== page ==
by Alfonso Díez-Minguela (Universitat de València); Rafael González-Val (Universidad de Zaragoza, IEB); Julio Martinez-Galarraga (Universitat de València); María Teresa Sanchis (Universitat de València); and Daniel A. Tirado (Universitat de València).

Abstract: This paper analyses the long-term relationship between regional inequality and economic development. Our data set includes information on national and regional per-capita GDP for four countries: France, Italy, Portugal and Spain. Data are compiled on a decadal basis for the period 1860-2010, thus enabling the evolution of regional inequalities throughout the whole process of economic development to be examined. Using parametric and semiparametric regressions, our results confirm the rise and fall of regional inequalities over time, i.e. the existence of an inverted-U curve since the early stages of modern economic growth, as the Williamson hypothesis suggests. We also find evidence that, in recent decades, regional inequalities have been on the rise again. As a result, the long-term relationship between national economic development and spatial inequalities describes an elephant-shaped curve.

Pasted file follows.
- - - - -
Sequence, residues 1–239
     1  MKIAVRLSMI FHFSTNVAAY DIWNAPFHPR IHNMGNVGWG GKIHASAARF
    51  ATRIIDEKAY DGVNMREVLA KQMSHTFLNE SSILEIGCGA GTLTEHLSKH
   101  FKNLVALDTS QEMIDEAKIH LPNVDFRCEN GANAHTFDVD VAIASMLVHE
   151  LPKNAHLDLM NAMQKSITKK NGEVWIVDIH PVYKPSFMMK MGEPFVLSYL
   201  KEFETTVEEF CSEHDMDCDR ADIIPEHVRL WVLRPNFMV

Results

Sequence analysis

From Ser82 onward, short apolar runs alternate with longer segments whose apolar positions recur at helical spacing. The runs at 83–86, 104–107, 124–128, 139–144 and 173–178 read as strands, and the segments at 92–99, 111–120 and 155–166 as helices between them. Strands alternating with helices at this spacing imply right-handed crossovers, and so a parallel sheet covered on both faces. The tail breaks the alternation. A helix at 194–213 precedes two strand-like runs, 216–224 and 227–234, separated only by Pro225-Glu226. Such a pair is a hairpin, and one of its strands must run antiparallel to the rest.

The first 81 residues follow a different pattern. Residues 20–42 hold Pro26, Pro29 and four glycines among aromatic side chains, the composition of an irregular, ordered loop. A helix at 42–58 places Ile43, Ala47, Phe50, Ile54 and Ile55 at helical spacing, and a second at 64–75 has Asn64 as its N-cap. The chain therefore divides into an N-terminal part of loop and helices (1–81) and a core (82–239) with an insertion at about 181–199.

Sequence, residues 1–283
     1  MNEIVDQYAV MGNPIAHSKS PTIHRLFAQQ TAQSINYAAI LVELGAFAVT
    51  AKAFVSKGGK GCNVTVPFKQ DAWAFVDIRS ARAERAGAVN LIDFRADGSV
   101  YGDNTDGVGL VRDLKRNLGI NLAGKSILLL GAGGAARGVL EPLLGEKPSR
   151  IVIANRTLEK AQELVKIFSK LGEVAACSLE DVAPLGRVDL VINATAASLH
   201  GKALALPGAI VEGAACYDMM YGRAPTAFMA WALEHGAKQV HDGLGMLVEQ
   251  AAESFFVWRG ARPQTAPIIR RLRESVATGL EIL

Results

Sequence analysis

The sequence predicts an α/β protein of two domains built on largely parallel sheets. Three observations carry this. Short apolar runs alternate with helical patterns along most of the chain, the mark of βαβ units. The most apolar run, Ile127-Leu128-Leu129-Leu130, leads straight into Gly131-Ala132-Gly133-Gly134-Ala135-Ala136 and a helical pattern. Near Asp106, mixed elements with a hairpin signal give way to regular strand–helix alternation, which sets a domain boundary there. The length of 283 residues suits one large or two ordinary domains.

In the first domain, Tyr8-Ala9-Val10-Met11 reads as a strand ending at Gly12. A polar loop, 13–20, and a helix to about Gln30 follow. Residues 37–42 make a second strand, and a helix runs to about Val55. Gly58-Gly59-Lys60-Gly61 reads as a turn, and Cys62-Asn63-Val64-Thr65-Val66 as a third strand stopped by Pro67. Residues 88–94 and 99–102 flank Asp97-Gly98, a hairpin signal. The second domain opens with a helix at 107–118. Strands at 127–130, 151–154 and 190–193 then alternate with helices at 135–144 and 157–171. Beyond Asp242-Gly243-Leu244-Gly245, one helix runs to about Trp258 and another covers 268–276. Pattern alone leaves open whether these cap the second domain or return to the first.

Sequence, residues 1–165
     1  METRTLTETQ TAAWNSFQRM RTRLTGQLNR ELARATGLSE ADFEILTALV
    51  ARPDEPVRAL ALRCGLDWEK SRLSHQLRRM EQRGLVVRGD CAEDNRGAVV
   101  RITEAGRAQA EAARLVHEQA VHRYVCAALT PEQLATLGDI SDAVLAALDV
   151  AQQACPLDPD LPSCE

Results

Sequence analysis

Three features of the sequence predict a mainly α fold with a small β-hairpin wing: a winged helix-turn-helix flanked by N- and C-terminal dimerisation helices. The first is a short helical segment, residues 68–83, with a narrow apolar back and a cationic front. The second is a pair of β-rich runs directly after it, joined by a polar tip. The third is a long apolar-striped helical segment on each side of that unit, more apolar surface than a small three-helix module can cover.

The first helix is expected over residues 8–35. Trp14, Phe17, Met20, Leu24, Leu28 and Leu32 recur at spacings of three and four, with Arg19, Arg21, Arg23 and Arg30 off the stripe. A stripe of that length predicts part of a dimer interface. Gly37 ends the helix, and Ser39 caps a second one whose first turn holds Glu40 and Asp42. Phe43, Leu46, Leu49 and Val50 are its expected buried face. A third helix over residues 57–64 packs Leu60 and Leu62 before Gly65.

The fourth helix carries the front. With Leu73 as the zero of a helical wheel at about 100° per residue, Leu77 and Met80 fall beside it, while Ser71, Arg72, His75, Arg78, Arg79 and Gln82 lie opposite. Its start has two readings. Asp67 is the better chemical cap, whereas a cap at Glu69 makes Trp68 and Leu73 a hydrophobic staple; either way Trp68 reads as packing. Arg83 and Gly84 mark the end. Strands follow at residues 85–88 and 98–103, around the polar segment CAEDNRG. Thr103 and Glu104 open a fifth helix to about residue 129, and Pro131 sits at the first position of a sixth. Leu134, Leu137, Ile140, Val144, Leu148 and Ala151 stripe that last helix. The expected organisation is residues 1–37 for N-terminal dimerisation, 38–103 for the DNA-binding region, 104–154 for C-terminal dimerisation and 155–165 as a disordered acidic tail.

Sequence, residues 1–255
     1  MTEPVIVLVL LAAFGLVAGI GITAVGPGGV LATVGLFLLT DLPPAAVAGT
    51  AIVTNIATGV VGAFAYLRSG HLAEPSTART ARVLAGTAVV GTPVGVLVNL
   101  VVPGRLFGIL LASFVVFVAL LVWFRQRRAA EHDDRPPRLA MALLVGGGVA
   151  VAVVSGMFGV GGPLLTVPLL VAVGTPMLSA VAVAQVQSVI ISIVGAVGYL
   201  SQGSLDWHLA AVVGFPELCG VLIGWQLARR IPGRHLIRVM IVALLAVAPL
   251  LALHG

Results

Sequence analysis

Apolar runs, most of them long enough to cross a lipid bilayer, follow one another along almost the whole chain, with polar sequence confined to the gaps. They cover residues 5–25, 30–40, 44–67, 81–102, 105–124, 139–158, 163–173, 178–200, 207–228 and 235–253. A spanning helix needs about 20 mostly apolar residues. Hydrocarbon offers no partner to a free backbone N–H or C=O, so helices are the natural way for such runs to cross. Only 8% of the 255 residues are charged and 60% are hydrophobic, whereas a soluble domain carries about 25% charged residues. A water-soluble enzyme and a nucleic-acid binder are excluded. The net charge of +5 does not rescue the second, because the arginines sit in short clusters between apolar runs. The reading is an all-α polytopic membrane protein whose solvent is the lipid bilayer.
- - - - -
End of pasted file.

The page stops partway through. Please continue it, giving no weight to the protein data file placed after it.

URL: https://EconPapers.repec.org/RePEc:hes:wpaper:0119

Distributed by NEP-HIS on 2018-02-26

Review by: Anna Missiaia

The relationship between economic development and inequality in a broad sense has been at the core of economic research for decades. In particular, the process of industrialization has been much investigated as a driver of inequality: Kuznets (1955) was the first to propose an inverted U-shaped pattern of income inequality driven by the initial forging ahead of the small high-wage industrial sector and a subsequent structural change, with more and more labour force moving out of agriculture into industry. The first to suggest that a similar pattern could take place in the spatial dimension was Williamson (1965), who showed that the process of industrialization could lead to an upswing of regional inequality because of the initial spatial concentration of the industrial sector, which eventually touches the less advanced regions. The paper by Díez-Minguela, González-Val, Martinez-Galarraga, Sanchis and Tirado circulated on NEP-HIS on 2018-02-26 deals with this latter inequality. The authors formally test what is the relationship between the coefficient of variation (in its Williamson formulation) of regional GDP per capita and a set of measures of economic development, most importantly the level of national GDP per capita. The authors use for the analysis four Southwestern European countries (France, Spain, Italy and Portugal).  The paper starts in 1860 and therefore takes a much appreciated multi-country and long-run perspective compared to the original work by Williamson, who was looking only at the 20th century United States.